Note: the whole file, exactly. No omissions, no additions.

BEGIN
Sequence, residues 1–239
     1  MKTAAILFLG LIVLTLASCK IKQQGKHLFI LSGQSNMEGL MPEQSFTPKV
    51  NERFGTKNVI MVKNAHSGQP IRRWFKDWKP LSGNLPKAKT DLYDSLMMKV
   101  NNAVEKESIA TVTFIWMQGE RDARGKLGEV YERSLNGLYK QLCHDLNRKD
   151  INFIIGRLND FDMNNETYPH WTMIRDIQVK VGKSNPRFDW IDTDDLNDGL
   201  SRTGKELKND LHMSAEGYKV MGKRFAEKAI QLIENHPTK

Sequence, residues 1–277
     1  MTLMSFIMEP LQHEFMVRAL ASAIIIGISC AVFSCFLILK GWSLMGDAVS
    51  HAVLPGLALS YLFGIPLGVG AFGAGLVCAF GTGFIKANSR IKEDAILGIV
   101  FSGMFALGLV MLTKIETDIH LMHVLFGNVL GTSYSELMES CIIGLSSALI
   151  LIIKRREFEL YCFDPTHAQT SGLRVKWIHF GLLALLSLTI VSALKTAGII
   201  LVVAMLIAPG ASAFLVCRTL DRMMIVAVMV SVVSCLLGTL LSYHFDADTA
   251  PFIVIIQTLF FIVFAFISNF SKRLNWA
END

Sequence, residues 1–239
     1  MKTAAILFLG LIVLTLASCK IKQQGKHLFI LSGQSNMEGL MPEQSFTPKV
    51  NERFGTKNVI MVKNAHSGQP IRRWFKDWKP LSGNLPKAKT DLYDSLMMKV
   101  NNAVEKESIA TVTFIWMQGE RDARGKLGEV YERSLNGLYK QLCHDLNRKD
   151  INFIIGRLND FDMNNETYPH WTMIRDIQVK VGKSNPRFDW IDTDDLNDGL
   201  SRTGKELKND LHMSAEGYKV MGKRFAEKAI QLIENHPTK

Sequence, residues 1–277
     1  MTLMSFIMEP LQHEFMVRAL ASAIIIGISC AVFSCFLILK GWSLMGDAVS
    51  HAVLPGLALS YLFGIPLGVG AFGAGLVCAF GTGFIKANSR IKEDAILGIV
   101  FSGMFALGLV MLTKIETDIH LMHVLFGNVL GTSYSELMES CIIGLSSALI
   151  LIIKRREFEL YCFDPTHAQT SGLRVKWIHF GLLALLSLTI VSALKTAGII
   201  LVVAMLIAPG ASAFLVCRTL DRMMIVAVMV SVVSCLLGTL LSYHFDADTA
   251  PFIVIIQTLF FIVFAFISNF SKRLNWA